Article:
Palo Alto—Pace Gallery is pleased to present an exhibition of sculptures by Liu Jianhua. The exhibition will focus on Liu’s mastery of porcelain, a medium he has been ceaselessly pushing the boundaries of since 1977, when he began working as an apprentice in the Jingdezhen Pottery and Porcelain Sculpture Factory, the oldest established center of ceramic production in China. Significant recent series in the artist’s oeuvre will be on display, including Trace (2011); Square (2014), which was featured in the 2017 Venice Biennale Viva Arte Viva; and Blank Paper (2009-16). The artist’s first solo exhibition with Pace Gallery in the U.S., Liu Jianhua will be on view from June 21 to August 4, 2019 at Pace Gallery at 229 Hamilton Ave, Palo Alto. An opening reception for the artist will be held on Thursday, June 20 from 4–7 pm.
The series of works included in this exhibition underscore the artist’s increasingly philosophical approach toward form and abstraction that has characterized his practice over the last decade. Full distillations of form resulted in the Blank Paper series, thin sheets of white porcelain hung on the wall. Uncannily realistic in their mimicry of pristine sheets of paper, the works demand more than a perfunctory glance to see they are made of porcelain. However, in the process of discovering the sculptures’ true medium, assessments and assumptions are reevaluated and the viewer is able to reconsider the form of objects free from preconceptions of their function. Though the works allow for revelations, they offer the viewer no grand narratives, rather inviting people to make their own impressions.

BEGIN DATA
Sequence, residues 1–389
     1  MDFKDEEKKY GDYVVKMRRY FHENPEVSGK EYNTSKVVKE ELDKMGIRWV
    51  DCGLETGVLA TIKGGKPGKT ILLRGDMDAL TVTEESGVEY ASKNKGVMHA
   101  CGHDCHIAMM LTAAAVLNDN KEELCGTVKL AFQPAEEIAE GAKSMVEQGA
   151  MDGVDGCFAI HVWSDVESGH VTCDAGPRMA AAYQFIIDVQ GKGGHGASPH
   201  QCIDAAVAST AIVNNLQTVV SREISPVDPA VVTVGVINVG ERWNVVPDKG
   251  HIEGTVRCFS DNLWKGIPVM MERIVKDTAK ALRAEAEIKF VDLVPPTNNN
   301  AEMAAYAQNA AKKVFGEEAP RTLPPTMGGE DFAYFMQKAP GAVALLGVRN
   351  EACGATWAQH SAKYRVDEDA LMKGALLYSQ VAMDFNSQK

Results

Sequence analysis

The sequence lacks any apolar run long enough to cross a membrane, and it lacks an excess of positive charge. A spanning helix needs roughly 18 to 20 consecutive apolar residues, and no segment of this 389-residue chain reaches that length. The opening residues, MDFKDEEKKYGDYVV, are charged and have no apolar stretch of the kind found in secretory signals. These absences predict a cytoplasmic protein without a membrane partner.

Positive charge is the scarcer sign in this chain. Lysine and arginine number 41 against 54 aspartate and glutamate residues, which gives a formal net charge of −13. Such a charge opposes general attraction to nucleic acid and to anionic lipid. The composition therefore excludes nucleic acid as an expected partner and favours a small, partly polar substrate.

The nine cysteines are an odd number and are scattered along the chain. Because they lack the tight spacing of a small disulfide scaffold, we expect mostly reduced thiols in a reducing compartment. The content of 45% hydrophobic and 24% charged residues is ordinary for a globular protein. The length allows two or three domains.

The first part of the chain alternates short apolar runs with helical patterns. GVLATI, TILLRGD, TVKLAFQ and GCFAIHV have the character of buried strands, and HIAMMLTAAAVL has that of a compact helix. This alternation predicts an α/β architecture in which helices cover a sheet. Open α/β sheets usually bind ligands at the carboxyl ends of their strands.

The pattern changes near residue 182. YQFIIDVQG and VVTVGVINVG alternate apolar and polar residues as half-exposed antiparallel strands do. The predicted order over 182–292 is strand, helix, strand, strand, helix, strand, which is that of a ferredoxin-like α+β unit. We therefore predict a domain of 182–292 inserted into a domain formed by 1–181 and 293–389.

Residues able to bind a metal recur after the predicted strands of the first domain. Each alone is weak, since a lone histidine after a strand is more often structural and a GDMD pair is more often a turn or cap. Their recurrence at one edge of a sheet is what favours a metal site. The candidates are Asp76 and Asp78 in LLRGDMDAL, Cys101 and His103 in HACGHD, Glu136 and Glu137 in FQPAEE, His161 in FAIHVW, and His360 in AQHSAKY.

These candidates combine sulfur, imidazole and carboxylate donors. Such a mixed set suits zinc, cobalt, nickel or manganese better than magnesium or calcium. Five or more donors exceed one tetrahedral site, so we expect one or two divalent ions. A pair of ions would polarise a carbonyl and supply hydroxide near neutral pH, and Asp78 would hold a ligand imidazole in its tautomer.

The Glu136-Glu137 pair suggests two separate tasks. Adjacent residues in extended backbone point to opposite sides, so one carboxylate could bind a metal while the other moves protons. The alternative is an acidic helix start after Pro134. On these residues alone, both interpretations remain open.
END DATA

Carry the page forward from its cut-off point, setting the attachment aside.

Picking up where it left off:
Other highlights of the exhibition include Trace, a series of wall-bound black porcelain ink drops, which are inspired by wo lou hen, a calligraphy stroke that can be translated to “traces from a leaking roof.” The sculptures play off of both wo lou hen’s figurative inspiration and calligraphic origins by returning the brushstrokes back to their architectural context, while transforming the walls of the gallery into immense sheets of paper at the artist’s disposal. This transformation is made complete by the lustrous black porcelain Liu expertly employs—in his hands the material appears viscous and weighty, threatening to drip down the walls. Trace ultimately led to the final series on view, Square, an installation comprised of gold-glazed porcelain pools resting on top of steel sheets, which was most recently shown in Viva Arte Viva at the 57th Venice Biennale (2017). Liu further flexes his unsurpassed dexterity with porcelain by seemingly turning fragile material into delicate liquid pools of precious metal. Though the works are undeniably sumptuous, they present a clean cogent aesthetic with a strong eye for form and material that has defined Liu Jianhua’s recent work.